One of Japan’s flagbearers makes his Olympic debut and a doubles pair have their sights set on the nation’s first-ever Olympic gold in table tennis on Day 3 of the Tokyo Games.

Here are the key events to look out for, most of which are available for streaming in Japan at

Rugby: Building momentum

The Japanese men’s rugby sevens team begins their Olympic journey bright and early at Tokyo Stadium against Fiji. Rugby players and fans in the country are hoping Japan’s wildly successful Rugby World Cup in 2019 leaves a lasting legacy and that the Tokyo Games serve as a way to build momentum for the sport.

Japan’s men narrowly missed the podium in Rio and will be in tough to take the next step this year, even on home soil, with Fiji, South Africa and New Zealand expected to battle for the podium places, according to the Associated Press.

Japan’s first of two matches on the day kicks off at 9 a.m. against the favored Fijians. Japan also has a date with Great Britain scheduled for 4:30 p.m.

Skateboarding: Another golden day?

The calm and cool Yuto Horigome struck gold on Sunday in the men’s street event to earn the first Olympic gold medal in skateboarding.

Aori Nishimura, AP’s favorite in the event, will look to match her compatriot on Monday and make it a double gold for the hosts.

Japan's Aori Nishimura is a favorite for gold in women's street skateboarding. | REUTERS
Japan’s Aori Nishimura is a favorite for gold in women’s street skateboarding. | REUTERS

Another win could go a long way toward making skateboarding more accepted in Japan, where many public parks ban the sport.

“I do think it’s more difficult for people that want to skateboard in Japan compared to overseas,” Nishimura, who turns 20 this week and lives in Huntington Beach, California, told Bloomberg News. “I realized it when I first went overseas — you can skate in the streets and people will be like ‘wow, cool.’” In Japan, “the image of skateboarding still isn’t great.”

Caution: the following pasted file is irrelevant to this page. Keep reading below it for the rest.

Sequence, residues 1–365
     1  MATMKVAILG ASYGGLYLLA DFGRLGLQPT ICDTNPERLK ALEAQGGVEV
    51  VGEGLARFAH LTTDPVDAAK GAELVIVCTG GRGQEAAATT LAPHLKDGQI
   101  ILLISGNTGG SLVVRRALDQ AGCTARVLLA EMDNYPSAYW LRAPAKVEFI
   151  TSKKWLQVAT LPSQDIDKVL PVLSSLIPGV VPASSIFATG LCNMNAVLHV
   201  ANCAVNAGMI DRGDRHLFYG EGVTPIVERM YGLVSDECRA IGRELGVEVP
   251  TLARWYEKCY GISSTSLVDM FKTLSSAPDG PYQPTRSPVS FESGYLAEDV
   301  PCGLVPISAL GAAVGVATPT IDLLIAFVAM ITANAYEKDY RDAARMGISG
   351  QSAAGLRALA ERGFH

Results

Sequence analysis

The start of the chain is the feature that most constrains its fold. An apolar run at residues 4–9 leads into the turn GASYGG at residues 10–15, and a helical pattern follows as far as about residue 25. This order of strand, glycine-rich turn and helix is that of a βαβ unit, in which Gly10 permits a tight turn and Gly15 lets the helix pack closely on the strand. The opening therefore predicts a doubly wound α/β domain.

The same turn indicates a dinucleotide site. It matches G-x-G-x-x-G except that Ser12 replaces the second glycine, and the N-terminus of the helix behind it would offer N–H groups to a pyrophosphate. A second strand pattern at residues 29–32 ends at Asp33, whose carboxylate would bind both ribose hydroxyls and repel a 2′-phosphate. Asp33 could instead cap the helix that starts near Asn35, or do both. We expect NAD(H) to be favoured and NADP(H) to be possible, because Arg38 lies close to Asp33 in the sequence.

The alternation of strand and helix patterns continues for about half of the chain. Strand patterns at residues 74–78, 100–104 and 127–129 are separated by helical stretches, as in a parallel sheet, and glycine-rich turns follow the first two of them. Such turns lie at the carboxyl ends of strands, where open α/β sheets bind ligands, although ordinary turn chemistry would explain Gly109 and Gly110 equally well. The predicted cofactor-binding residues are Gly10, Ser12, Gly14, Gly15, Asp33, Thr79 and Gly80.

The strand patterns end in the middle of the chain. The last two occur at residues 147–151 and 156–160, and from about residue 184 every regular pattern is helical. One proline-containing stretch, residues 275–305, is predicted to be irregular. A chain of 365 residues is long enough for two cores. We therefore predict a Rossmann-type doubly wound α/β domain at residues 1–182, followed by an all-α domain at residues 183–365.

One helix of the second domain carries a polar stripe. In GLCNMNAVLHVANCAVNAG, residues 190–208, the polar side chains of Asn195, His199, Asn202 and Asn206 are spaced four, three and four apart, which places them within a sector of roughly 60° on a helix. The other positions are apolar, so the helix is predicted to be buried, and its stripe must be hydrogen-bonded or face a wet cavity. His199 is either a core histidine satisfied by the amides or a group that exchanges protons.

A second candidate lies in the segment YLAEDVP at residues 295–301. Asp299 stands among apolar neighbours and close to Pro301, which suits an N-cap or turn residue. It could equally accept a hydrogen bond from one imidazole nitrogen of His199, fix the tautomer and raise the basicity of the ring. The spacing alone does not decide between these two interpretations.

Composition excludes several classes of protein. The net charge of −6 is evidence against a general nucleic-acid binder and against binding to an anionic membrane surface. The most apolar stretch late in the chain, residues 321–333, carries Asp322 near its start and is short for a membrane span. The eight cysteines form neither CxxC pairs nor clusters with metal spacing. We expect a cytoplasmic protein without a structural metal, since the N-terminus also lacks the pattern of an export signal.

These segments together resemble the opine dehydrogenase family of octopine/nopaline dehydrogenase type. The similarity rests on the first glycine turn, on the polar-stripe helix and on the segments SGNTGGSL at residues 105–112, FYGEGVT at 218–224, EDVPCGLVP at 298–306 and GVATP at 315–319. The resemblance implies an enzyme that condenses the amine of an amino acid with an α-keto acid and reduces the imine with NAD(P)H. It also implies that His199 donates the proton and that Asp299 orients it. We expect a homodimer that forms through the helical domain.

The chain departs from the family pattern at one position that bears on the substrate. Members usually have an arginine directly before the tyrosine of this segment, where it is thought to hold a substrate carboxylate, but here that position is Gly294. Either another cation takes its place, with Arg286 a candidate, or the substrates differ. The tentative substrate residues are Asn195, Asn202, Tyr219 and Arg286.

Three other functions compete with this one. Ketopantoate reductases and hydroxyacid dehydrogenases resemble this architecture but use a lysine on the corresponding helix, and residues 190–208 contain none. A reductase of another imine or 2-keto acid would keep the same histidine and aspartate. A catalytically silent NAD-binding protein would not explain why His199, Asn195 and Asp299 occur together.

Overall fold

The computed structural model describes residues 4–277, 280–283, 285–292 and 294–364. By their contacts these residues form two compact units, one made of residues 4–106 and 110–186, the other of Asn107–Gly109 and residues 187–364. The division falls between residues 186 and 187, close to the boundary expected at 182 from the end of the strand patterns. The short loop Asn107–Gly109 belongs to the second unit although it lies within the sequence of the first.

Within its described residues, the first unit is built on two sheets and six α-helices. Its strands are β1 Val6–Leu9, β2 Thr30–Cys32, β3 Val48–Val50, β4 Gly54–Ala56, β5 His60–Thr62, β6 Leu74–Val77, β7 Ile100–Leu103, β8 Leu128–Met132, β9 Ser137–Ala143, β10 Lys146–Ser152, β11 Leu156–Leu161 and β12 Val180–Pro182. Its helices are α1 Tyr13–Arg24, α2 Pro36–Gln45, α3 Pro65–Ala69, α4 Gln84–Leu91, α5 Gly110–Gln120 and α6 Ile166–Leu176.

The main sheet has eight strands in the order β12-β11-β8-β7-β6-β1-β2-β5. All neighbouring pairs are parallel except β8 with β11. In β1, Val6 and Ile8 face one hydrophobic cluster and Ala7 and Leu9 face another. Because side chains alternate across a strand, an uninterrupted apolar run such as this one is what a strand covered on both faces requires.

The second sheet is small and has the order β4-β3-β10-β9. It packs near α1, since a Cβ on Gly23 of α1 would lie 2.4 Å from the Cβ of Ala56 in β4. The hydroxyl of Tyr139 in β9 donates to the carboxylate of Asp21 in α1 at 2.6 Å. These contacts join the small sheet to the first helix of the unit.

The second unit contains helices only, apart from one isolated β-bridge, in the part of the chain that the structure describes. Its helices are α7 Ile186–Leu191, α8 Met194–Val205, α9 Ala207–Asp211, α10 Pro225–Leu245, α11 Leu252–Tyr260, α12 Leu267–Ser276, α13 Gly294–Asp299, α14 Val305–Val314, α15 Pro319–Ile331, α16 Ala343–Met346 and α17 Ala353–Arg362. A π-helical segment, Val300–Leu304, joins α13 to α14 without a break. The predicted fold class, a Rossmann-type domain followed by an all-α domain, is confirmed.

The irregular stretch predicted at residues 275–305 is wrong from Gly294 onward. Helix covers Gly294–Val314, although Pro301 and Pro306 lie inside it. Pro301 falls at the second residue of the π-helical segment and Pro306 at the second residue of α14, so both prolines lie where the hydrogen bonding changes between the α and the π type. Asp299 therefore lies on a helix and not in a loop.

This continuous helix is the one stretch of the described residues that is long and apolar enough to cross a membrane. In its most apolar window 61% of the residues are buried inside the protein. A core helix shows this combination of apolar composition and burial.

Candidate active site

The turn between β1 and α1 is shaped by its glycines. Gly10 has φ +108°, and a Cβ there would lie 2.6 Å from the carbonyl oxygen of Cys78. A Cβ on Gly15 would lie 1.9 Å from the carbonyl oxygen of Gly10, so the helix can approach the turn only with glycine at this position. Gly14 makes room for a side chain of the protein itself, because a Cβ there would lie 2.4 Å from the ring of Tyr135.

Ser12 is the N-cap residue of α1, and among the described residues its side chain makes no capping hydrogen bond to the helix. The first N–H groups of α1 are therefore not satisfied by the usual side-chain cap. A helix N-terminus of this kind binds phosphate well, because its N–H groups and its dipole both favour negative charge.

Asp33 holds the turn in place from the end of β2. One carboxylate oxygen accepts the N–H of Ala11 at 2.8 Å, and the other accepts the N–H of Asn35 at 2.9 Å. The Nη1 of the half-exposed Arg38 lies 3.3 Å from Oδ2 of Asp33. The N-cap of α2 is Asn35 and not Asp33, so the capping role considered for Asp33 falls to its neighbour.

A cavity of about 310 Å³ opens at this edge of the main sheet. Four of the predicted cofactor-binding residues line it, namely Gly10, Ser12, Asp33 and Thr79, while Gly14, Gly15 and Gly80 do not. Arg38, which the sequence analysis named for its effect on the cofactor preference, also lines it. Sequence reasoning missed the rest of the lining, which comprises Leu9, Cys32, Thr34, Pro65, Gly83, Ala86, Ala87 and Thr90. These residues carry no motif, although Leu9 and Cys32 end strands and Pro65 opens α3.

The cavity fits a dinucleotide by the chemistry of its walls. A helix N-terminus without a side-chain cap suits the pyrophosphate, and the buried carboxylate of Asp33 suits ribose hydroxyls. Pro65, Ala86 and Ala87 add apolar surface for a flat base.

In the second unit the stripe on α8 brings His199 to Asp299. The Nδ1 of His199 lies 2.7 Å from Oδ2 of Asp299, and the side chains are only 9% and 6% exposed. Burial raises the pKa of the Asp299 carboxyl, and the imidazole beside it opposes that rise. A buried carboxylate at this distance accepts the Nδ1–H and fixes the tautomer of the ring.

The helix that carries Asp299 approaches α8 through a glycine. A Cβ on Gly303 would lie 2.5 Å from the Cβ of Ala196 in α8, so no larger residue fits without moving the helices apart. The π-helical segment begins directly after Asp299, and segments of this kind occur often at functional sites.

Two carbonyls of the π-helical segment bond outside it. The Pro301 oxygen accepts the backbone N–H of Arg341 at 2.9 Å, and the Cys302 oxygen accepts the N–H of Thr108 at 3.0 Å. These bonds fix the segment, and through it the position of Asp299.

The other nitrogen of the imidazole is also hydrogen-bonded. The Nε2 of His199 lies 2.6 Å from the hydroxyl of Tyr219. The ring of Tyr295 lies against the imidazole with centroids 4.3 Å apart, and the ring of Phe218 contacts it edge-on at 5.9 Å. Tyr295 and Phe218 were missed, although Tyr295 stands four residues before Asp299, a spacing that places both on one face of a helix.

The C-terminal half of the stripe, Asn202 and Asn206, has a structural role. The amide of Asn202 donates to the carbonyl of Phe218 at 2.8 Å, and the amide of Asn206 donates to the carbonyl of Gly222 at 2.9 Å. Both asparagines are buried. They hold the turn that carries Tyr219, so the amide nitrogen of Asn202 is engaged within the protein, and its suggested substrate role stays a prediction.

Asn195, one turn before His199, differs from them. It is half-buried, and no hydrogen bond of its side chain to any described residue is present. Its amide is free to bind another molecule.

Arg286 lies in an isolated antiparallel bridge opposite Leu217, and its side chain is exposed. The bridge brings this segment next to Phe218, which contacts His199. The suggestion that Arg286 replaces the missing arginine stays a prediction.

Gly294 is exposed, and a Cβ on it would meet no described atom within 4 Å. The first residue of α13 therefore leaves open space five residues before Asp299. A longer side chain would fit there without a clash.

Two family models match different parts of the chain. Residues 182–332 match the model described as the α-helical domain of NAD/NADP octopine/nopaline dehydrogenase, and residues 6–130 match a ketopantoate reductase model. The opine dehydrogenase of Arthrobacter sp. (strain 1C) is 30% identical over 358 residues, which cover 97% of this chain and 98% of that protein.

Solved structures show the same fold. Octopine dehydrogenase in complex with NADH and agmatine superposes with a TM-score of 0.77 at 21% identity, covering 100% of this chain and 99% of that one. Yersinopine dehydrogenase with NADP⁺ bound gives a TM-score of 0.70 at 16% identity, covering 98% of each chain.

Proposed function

The women’s street skate begins with preliminaries at 8:30 a.m. The final is scheduled for 12:25 p.m.

Gymnastics: Avenging ‘King Kohei’

It wasn’t the Olympics two-time all-around champion Kohei Uchimura envisioned, but his teammates will have a chance to get a measure of revenge for their fallen compatriot on Monday.

Uchimura, who crashed out of the Games on Saturday, won’t be in the lineup as the Japanese men take to the floor, beam and rings for the men’s team final, but you can be sure the seven-time Olympic medalist will be rooting for his teammates to defend Japan’s title won in Rio.

Daiki Hashimoto, a 22-year-old student at Juntendo University, could be one to watch for the home squad as the final session kicks off at 7 p.m. Athletes competing for the Russian Olympic Committee and China appear to be Japan’s top challengers.

Basketball: Hachimura’s time

A budding star with the Washington Wizards, Rui Hachimura put his skills on full display in the run-up to the Games and will be a key player for a Japan team looking to turn some heads at their home Games.

Rui Hachimura takes a shot during a training session at Saitama Super Arena on Thursday. | AFP-JIJI
Rui Hachimura takes a shot during a training session at Saitama Super Arena on Thursday. | AFP-JIJI

Hachimura, one of the country’s flagbearers at the opening ceremony on Friday, is also part of a generation of biracial athletes who are changing the face of sports in the country, writes the JT’s Kaz Nagatsuka.

Japan has a daunting challenge ahead of them in the opener against Pau Gasol and Spain, medalists at each of the past three Games. Opening tip-off is scheduled for 9 p.m.

Table tennis: First gold on the table?

Japan has never won a gold medal in table tennis.

In fact, few countries have thanks to the dominance of China, which boasts 28 of the 32 gold medals given out at the Games going back to the sport’s debut in 1988.

No. 2 seeds Mima Ito and Jun Mizutani have a chance to make that 28 out of 33 tomorrow night at Tokyo Metropolitan Gymnasium when they take on China’s Xu Xin and Liu Shiwen in the mixed doubles gold-medal match.

Mizutani, 32, already has a silver and a bronze to his name from the Rio Games and will be looking to complete his collection, while Ito won a team bronze in 2016.

The match gets underway at 9 p.m.

In a time of both misinformation and too much information, quality journalism is more crucial than ever.
By subscribing, you can help us get the story right.



Source link